Non-Organic Cotton is not cool!
Non-organic cotton is the world’s dirtiest crop. It only accounts for about 2.5% of the world’s farmland, yet it uses around 16% of the world’s insecticides.
Many of those insecticides kill bees and fish. Despite this, insecticide use is still considered indispensable. This is because various pests, viruses and bacteria can damage up to 60% of cotton crops. In addition, herbicides are used to prevent weeds growing.
But, synthetic insecticides and herbicides contribute to greenhouse gas emissions, damaging the eco-system. They also pollute waterways and rivers - making the water unusable.
However, there is an alternative to growing non-organic cotton. It is Organic Cotton. Organic cotton prohibits the use of synthetic pesticides and insecticides. It reduces the emission of greenhouse gases. It also helps conserve water - Earth's most precious (and increasingly scarce) resource. Organic cotton reduces use of irrigated water by up to 90%, compared to non-organic cotton.
In an eco-friendly world, organic cotton is becoming more popular with consumers.
What is the story with non-organic cotton?
Cotton farmers, globally, run about 100 million households. Most are small scale farmers, in 3rd world countries. Farmers, who grow non-organic cotton, often farm it as a mono-crop.
The majority of cotton grown the world over is of the genetically modified (GM) type. While yields can be high, they require a lot of pesticides & insecticides to combat pests. However, pests have become increasingly resistant to GM cotton in India. This requires the cotton crop to be sprayed with even more pesticides, and also harming soil quality.
But insecticides and herbicides are also harmful for human health. Farmers are often untrained in how to use them. Fatalities and hospitalisations of farmers and their workers are common. Many of these countries have poor health services and little state support.
Living a healthy lifestyle there is even more vital. People do not enjoy the same healthcare facilities we enjoy in developed nations.
Financially, crop failures can be devastating as there is no alternative income. This is especially true if there is little state support. Many of these farmers borrow monies at unsustainable interest rates. Crop failures mean they are unable to re-pay their debts - and often lead to tragic cases of farmer suicides.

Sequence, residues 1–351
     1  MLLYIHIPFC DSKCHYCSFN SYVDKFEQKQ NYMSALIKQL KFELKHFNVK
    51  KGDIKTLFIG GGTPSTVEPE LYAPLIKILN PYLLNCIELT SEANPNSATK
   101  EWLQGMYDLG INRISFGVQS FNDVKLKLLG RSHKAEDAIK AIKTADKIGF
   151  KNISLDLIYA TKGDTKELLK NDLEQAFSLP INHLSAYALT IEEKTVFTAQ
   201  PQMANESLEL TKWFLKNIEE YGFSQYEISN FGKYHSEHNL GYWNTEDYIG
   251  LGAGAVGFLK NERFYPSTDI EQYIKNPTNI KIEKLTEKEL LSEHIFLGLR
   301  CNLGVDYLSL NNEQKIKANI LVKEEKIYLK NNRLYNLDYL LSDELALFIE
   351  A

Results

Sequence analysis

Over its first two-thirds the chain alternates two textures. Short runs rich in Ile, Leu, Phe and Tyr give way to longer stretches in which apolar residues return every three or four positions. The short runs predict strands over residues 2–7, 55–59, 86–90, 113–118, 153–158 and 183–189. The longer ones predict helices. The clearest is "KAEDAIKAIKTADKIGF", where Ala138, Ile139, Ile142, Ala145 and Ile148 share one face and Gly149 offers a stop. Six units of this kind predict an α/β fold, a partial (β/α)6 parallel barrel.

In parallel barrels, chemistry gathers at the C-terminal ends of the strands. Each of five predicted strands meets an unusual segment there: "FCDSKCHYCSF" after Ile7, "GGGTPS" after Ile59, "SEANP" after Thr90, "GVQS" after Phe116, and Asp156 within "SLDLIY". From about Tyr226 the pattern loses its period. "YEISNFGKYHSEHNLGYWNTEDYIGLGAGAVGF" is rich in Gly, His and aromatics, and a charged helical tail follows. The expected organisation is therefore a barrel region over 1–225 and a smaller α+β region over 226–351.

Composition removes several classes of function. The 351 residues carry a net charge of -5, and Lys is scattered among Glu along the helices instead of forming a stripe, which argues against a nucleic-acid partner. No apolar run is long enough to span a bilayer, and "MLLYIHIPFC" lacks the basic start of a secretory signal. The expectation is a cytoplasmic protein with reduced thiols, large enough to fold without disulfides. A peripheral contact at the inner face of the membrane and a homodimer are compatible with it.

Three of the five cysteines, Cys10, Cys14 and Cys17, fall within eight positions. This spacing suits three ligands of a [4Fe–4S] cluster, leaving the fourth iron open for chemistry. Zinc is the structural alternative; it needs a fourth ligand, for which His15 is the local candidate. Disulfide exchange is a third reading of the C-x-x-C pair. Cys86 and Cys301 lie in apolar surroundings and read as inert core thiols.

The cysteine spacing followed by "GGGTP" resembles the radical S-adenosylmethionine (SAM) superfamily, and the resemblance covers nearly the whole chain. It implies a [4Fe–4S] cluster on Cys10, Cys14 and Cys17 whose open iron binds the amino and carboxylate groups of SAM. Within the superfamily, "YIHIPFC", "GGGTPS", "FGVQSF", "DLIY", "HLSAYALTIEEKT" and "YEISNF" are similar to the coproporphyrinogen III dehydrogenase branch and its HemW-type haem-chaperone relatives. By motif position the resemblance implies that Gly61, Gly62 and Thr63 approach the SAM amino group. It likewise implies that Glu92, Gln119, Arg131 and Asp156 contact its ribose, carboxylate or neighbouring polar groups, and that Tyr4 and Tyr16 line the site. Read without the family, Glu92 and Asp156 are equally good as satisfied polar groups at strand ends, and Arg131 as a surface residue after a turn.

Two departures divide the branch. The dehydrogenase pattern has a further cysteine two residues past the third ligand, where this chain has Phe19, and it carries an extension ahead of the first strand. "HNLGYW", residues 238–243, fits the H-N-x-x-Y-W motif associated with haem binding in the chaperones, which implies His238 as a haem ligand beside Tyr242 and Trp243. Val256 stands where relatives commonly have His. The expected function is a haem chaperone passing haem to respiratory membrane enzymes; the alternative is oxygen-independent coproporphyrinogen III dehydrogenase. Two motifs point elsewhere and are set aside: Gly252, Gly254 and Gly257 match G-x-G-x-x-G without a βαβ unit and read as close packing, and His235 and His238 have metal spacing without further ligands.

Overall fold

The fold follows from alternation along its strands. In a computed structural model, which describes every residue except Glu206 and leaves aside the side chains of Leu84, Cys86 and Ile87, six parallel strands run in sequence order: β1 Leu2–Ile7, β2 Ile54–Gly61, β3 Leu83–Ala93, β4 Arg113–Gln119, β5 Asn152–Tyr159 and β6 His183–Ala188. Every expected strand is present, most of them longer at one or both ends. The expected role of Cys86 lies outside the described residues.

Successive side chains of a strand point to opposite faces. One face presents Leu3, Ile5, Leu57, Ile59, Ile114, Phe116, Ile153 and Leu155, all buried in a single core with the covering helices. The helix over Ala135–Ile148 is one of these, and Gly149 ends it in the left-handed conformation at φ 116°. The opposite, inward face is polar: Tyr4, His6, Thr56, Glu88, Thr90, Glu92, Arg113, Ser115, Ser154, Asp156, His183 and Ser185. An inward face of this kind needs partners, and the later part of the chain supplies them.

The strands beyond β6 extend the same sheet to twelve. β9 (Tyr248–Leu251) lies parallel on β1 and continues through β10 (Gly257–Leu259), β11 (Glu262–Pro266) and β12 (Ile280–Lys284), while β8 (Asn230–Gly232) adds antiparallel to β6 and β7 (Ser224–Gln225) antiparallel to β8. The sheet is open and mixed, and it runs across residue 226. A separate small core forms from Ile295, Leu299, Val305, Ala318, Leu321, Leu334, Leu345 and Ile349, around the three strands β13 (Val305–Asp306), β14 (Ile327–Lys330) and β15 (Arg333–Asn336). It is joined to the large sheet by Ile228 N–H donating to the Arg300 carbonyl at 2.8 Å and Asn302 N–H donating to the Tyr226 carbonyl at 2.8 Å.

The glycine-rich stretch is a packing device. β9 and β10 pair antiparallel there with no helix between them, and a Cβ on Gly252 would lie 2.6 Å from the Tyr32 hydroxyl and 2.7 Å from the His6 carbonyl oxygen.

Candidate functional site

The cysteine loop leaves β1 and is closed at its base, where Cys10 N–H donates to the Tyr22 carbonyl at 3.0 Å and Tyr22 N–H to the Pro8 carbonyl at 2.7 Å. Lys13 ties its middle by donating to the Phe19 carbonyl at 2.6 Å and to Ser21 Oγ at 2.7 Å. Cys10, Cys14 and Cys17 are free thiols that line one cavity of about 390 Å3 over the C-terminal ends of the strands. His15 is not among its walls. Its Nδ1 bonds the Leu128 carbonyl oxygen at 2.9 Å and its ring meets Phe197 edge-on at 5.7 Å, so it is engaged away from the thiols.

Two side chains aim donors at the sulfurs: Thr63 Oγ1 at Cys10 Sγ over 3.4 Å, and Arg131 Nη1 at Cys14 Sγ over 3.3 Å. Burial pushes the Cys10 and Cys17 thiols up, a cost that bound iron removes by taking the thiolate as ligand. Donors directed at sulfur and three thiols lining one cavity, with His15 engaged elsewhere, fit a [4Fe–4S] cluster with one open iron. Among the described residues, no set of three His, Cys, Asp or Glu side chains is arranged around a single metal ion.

It takes between 10,000 and 20,000 litres of water to grow 1 kg of cotton. About the quantity of cotton needed to make a single pair of jeans!
To put this in perspective, Coca-Cola has faced challenges in places such as India and Pakistan. It has been forced to recycle waste water, and think about sustainability – including building desalination plants. That is because it takes almost 3 litres of water to create 1 litre of its drinks. In the scheme of things, non-organic cotton is a much bigger culprit than Sprite or Coca-Cola. Yet local farmers, unlike huge multinational corporations, cannot build desalination plants!
This is a major consideration. The wettest parts of the world are getting wetter and the driest are getting dryer - evidence suggests. Most cotton is grown in many of the driest countries and regions in this world. These countries are already experiencing falling water-tables.
The global population is set to grow by another 2-3 billion people by 2050. Feeding and clothing everyone is likely to stress water levels even more. Irrigation, as a long term solution is unsustainable.
The Guardian newspaper reported in 2015: ‘The water consumed to grow India’s cotton exports in 2013 would be enough to supply 85% of the country’s 1.24 billion people with 100 litres of water every day for a year’. Not much has changed since then.
In the UK we seem to have "endless amounts of water", but others are struggling. Cotton is a culprit, therefore any frugality with water is helpful.
There is a huge saving in water if farmers shift to growing organic cotton.
So, how does organic cotton compare?
The Soil Association has documented how it (organic cotton) grows slower, and yields are around 15% lower, but, compared to non-organic cotton, its fibres are stronger. Also, its impact on global warming is less than half. The input costs to the farmer are almost 40% lower.
On balance, organic cotton is more profitable for farmers than non-organic cotton. Eco-system wise, organic cotton is better for the local flora and fauna. Growing organic cotton is healthier for farmers and their workers too. That is because the use of synthetic fertilisers and insecticides is not allowed.
Farmers instead adopt methods like crop rotation to combat pests. The resulting subsistence food crops provide farmers with better and varied nutrition. It also provides farmers with a diverse and stable income, as excess food crops get sold in local markets.
As population size increases, demand for scarce resources will too. Regarding food, being self-sufficient becomes more important therefore.
Is organic cotton making inroads?
Organic cotton still only accounts for less than 1% of all cotton produced. But attitudes to it, like attitudes to the environment and the food we eat, are changing rapidly. There is an awareness and increase in demand for organic cotton. Consumers are looking for ethically produced and certified textiles. This is where brands like Strawberry & Cream help lead the way in organic cotton awareness.
Organic cotton benefits the eco-system. It also contributes to the well-being of farmers and their families - and helps them live a life of dignity. So, where possible, choose to buy products made from Organic Cotton. Then you’ll be cool in every sense!
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